Acetone is a solvent like IPA (it's also a precursor to producing acrylic materials), and as such, it is useful for cleaning things. For example, in chemical lab settings, it is often use as part of the process of cleaning glassware to ensure it has minimal residue before the final wash (note, it is not the final wash).

In hobby use, there's a few places where it can be helpful:

  • Acetone vapors can be used as part of a process to smooth ABS and ASA 3D printed parts. This works with some other plastics as well, and you can use a small cotton swap to buff off a scratch by literally dissolving a bit of the plastic.
  • Unstick acrylate glues, such as superglue.

Acetone and PCB

Never, ever, under any circumstance use acetone on a PCB. It will strip the top coatings off; specifically, the solder mask and silkscreen.

Fingernail Polish Remover

Fingernail polish remover typically contains acetone, but also has many other components such as dimethyl glutarate, dimethyl adipate, dimethyl succinate, and propylene carbonate. This makes them not interchangeable with pure acetone.

Anti-static Cleaning Spray

One thing to be aware of, though, is when you're cleaning an electrostatic workbench mat, is that IPA can reduce the efficacy of the mat at dealing with ESD. To avoid degrading something that's not particularly cheap, I use a specific cleaner for anything where "static control" is an issue (this includes my wooden workbench top as well, although it's unclear if that does anything useful other than waste more expensive consumables): ACL Staticide Mat & Table Top Cleaner.

To use it, you spray the surface with the Staticide, and then allow it to sit 2-3 minutes, and then wipe off (with a lint-free wipe preferably). Doing this will ensure you maintain the ESD protection of the mat over time.

Paper Towels

I do keep a roll of paper towls (specifically Viva "signature cloth") around for general cleaning purposes, wiping down a bench, etc. It's worth keeping them close at hand, and so I have them mounted under the desk to the drawer module.

Possible Reusable Replacement

Adam Savage is a big fan of these huck (surgical) towels in his shop. I've ordered some and will update once I've had a chance to use them for a while.

Lint-Free Wipes

You'll need to wipe things a lot when working with electronics and 3D printing, so it's good to keep a heavy stock of lint-free wipes. You want non-woven wipes in a blend of polyester and cellulose. Personally, I keep a stock of 4x4" AAWipes, which are common in cleanroom applications. You can buy smaller volumes on their Amazon store. Sadly, they are typically single-use, although I have been known to reuse one if I've just used it to wipe a reasonably clean surface with IPA and need to do it again.

Disinfecting Wipes

Don't confuse these for disinfecting wipes like what you would use in the kitchen. Those have chemicals in them that can damage sensitive electronics and often will leave a residue behind.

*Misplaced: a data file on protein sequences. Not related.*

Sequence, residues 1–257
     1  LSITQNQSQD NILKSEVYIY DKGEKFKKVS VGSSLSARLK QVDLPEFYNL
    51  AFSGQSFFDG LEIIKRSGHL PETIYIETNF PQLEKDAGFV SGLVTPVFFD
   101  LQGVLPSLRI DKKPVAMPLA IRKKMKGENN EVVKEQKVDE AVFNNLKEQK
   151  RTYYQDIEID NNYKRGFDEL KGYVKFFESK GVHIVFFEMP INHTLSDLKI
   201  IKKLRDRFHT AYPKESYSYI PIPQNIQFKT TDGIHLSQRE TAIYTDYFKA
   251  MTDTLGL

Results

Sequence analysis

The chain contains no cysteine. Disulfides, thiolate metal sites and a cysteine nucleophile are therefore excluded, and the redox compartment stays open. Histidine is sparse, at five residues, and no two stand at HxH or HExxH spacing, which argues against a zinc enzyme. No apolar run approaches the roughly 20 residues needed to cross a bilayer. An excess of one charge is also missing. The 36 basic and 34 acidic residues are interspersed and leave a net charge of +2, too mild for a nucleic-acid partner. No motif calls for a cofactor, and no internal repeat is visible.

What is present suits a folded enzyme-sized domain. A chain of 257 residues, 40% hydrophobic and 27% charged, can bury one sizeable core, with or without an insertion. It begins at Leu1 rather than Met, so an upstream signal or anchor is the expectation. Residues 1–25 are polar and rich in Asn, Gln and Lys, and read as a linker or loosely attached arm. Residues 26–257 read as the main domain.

Low Lint Swabs

Often, you'll need to get into the crevices of something, or between leads on an IC, to clean them, and to do that using a low lint cotton swab. The relative of the random cotton swab at your local pharmacy, they're a tiny bit more expensive, but have wooden handles, and cotton woven in a way that leaves a minimal amount of lint behind.

They're also available in an ESD-safe version, but it's about 10-15x more expensive, and while I know I should probably use them, I'm simply too cheap to buy them. The ESD-safe ones use a plastic handle and a polyurethane foam tip. If you're wanting to splurge, please do.


Not All Gloves Are the Same

Not all gloves are good for every use case. While I discuss primarily nitrile gloves here, they are not appropriate for a few use cases. Please review this guide to the chemical resistance of gloves for concrete scientific recommendations.

Gloves are disposable, much to the surprise of many people. They are also relatively inexpensive. While there are a few materials on the market, I am a big fan of nitrile gloves as they (typically) will not trigger latex allergies, which are more present than you'd imagine, and no reason to tempt fate. In addition, I would use something that is at least 5 mils (0.005") thick (typically measured at the palm). Personally, I like them in purple, but they come in a bunch of different colors.

The gloves I use are from Kimberly-Clark

If you're just touching things with your fingertips, you can also consider using finger cots, which cover just the last joint of your fingers in most cases. They also come in nitrile, and are pretty common in the electronics industry. Personally, they drive me crazy, and I'd rather go through the time of putting on one or two gloves.

Third-Party Resources

Comments or Questions?

If you have any comments, questions, or topics you'd like to see covered, please feel free to either reach out to me on Mastodon (link below) or open an issue on Github.